It's an incredible thing to be a mother. In some ways, it's the most heart wrenching experience on earth. From the high hopes and physical strangeness of pregnancy with its fears and heartburn and labor pains, to the absolute terror of taking the newly born and entirely too tiny baby home. And that's just the merest of beginnings.
I had never known frustration to the point of spontaneous explosion before having children, or the deep, deep, deep, protective love that brings tears to my eyes even today though my children are nearly adults; tears of such profound emotion that they rock my soul. Motherhood is a labor of love like no other, love from the deepest core of loving, love from the nerves and heart and intestines, love, sweat, and tears.
Years of not knowing how I would get through the challenges of motherhood lie behind me, and before me as well: the whining and demands, the endless calling of my name, the sibling bickering, the bewitching dinner hour and the permanent end of afternoon napping which I thought might be my end as well... and then to have them turn around and hate me in adolescence, after all of my efforts, and all of my outpouring of love and attention and affection and patience and comforting and encouragement. And then we have grown beyond that too. I have had to let go and let them grow up without my constant attention. I have had to trust them and watch them make mistakes, and just be here, ready, available, always willing to show up; no longer imposing or instructing, but present: ever present.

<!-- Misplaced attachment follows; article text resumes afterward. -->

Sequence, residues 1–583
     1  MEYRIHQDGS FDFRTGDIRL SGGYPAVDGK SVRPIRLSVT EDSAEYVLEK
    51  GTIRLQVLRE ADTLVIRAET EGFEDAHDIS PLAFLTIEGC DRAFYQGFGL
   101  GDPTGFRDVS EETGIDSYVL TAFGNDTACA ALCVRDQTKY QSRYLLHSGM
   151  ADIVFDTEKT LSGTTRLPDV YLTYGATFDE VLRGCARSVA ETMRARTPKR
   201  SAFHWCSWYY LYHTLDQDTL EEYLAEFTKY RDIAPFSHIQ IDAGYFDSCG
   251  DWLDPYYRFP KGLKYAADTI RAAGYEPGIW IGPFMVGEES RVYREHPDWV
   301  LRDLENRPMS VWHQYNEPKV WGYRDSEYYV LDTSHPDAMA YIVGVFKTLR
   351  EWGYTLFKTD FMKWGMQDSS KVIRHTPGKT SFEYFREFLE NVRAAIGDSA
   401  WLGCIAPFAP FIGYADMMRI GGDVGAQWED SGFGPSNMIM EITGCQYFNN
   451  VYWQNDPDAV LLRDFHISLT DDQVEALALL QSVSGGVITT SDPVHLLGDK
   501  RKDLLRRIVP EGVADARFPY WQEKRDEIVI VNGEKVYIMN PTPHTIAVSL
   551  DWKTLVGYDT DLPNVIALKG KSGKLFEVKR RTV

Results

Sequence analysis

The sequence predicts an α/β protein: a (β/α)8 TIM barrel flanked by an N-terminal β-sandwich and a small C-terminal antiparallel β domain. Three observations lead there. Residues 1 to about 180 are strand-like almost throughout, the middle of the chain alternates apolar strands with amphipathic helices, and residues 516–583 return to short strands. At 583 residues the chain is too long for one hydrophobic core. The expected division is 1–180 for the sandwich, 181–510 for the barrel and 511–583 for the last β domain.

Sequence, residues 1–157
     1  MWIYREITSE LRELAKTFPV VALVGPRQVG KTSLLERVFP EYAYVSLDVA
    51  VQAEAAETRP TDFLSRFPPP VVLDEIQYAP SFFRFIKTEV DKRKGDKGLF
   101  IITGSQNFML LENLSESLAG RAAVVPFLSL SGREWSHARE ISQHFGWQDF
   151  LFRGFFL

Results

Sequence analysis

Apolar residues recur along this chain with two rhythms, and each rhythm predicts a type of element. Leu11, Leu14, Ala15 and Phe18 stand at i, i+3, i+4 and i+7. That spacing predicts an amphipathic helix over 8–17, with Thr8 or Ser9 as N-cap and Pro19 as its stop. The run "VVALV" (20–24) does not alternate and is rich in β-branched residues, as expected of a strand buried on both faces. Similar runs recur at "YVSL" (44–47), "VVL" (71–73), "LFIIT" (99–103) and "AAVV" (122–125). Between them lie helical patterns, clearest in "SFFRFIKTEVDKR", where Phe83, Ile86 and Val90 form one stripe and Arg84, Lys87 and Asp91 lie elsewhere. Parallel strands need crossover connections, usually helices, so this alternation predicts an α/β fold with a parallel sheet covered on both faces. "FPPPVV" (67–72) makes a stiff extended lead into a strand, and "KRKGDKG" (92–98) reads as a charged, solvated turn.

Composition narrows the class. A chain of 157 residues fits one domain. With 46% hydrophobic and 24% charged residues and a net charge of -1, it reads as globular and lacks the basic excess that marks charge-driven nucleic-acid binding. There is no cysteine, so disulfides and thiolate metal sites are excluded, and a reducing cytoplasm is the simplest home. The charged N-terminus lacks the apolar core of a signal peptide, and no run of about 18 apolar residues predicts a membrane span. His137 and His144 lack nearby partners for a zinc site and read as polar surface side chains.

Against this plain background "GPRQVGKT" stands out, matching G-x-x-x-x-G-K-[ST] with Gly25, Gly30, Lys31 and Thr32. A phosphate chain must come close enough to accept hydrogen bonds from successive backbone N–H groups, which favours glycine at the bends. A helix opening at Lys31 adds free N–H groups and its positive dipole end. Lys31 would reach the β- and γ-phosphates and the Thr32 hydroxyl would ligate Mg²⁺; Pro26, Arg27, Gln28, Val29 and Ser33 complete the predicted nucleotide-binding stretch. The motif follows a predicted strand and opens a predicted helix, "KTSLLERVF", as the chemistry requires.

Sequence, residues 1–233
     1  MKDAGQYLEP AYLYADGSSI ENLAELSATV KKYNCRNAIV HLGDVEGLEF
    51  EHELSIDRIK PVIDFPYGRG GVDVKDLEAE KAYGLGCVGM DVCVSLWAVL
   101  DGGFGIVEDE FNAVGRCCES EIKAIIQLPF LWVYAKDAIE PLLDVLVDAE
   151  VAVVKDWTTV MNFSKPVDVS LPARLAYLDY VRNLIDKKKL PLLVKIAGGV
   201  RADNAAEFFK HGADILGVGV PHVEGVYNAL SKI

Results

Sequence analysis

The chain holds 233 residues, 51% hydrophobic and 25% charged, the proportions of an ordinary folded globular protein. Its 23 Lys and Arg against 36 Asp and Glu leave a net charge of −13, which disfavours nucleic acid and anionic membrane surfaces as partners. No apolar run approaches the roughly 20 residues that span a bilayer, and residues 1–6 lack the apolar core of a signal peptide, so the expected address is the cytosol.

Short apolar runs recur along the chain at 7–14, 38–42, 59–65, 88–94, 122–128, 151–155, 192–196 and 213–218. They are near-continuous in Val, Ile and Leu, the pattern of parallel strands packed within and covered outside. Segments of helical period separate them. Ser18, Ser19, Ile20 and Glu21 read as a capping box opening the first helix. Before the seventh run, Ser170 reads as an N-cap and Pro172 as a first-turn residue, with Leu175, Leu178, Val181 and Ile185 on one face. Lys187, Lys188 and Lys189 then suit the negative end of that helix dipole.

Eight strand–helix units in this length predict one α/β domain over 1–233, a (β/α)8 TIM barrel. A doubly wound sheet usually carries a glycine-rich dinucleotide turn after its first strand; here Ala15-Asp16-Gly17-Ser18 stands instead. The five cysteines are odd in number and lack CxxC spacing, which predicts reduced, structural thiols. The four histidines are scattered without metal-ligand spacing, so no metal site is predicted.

I have twins. Sienna and Nick are 16, and they are beautiful. When I think of how beautiful, and all we have been through together, I cry again, sweet tears from strong loving, and that I should be so blessed to be able to call these fine young strapping people my children, to have the honor of being their Mom. It almost feels like too much. The truth is that they have taught me volumes about myself, and continue to, and I am grateful to them forever for showing up for me
. Though I couldn't have said that in just that way when they were little and I was strung out from young motherhood, it is unquestionably true for me today.
And there's my mother as well, who teaches me in different ways, and the mothering of myself. I'm grateful for all of it, especially today. It's an endless journey of growing up, and what matters most. The lessons may not come in the style of Norman Rockwell. The mother relationship is often more challenging than any other, but if we accept it as it is, with all of its joys and sorrows, and all the ways it wrenches at our hearts, we can be glad today for the gift of being born, and the blessing of being mothers and having mothers, such as they may be.
I honor motherhood today, and the gift of life, and I am willing to accept all of the ways it wrenches at my heart and feel grateful for every part of the experience.